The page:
Eat the World – Part 23

It’s the South American special, and the final Eat the World for the year! 52 countries in 52 weeks (actually came in early) and plenty of yummy gems along the way. In this last installment are four recipes that combo really well; the two salady ones would perfectly complement the Argentinian ribs. There’s also a Peruvian pasta that’s not what it seems… Until next time, keep on eating.



I didn’t think you could top a classic potato salad. Turns out this Brazilian recipe does the trick! Almost everything about this is good for you… except for the main ingredient, which is effectively potato fries. To do this justice, mix all the ingredients with the mayo prior to adding the potatoes, then serve immediately. They’ll lost the best of their crunch quite quickly.

Crispy potato salad (Salpicao)

Ingredients (Serves 4)

  • 200 gr corn kernels
  • 2/3 cup frozen peas
  • canola oil for deep frying
  • 4 medium potatoes, julienned
  • 2 medium smoked chicken breast, shredded
  • 2 carrots, shredded
  • 1 small green apple, julienned
  • ½ red onion, finely diced
  • 100 gr pitted olives, finely diced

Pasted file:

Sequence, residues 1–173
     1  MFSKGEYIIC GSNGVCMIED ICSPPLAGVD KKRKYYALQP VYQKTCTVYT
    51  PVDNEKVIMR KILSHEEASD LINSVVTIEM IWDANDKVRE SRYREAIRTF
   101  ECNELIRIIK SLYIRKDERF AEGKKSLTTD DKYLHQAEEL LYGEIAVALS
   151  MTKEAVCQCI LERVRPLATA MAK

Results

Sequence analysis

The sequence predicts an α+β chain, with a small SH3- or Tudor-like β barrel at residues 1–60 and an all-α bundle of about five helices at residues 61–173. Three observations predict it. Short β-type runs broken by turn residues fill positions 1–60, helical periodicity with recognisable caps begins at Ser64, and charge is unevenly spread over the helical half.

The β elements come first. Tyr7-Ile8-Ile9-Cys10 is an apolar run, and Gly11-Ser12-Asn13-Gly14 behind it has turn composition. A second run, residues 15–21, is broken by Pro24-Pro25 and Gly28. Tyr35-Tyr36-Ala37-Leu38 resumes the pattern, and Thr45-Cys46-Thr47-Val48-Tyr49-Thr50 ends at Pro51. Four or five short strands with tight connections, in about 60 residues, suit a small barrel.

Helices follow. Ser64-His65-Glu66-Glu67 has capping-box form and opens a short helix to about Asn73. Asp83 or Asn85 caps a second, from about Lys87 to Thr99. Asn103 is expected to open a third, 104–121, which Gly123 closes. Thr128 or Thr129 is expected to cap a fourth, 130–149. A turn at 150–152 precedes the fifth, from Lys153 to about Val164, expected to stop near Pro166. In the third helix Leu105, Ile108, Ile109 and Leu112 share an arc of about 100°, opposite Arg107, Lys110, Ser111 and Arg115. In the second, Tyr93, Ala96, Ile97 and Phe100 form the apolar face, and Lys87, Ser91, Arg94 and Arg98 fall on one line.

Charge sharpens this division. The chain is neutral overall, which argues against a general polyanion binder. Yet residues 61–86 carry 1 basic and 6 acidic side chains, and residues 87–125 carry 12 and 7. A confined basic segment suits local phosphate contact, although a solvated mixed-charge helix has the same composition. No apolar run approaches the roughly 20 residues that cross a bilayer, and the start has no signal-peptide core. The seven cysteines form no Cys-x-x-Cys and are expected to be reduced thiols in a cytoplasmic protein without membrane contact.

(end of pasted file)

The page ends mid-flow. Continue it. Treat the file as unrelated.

• ½ cup raisins
  • ½ cup whole-egg mayonnaise
  • Small bunch of chives, chopped
  • Small bunch parsley, chopped


  1. Heat about 3 cm of oil in a deep heavy based frying pan until a cube of bread dropped into the oil turns golden brown in 10 seconds. Pat the potatoes dry with paper towel, then cook in the hot oil for 5 minutes, or until golden and crispy. Remove the potatoes using a slotted spoon and drain on paper towel.
  2. Blanch peas in warm water for 5 minutes until thawed. Combine the potatoes, corn, peas, chicken, carrots, apple, onion, olives, raisins and mayonnaise in a large bowl. Mix until well combined. Season with salt and freshly ground black pepper.
  3. Transfer the salad to a serving dish and sprinkle with the chives and parsley. Serve immediately, while the potatoes are still crispy.




Wait, South American vegetarian? With no beans? Apparently it does exist, although I’m yet to believe there’s any sense of common about it. In any case, this here is a healthy and delicious escape from the meats, crammed with powerful lemon and garlic flavours. Where you don’t have carrot tops, or they’re not your thing, a parsley and coriander combo provides an alternative with extra flavour.

Roast vegetable and buckwheat salad with preserved lemon chimichurri

Ingredients (Serves 2)

  • 1 bunch Dutch carrots, green tops reserved, halved lengthways
  • 2 medium zucchini, cut into 3 cm-thick slices
  • 1 medium eggplant, cut into 3 cm-thick slices
  • 2 cloves garlic, finely chopped
  • ¼ preserved lemon, finely chopped
  • 1 tablespoon extra-virgin olive oil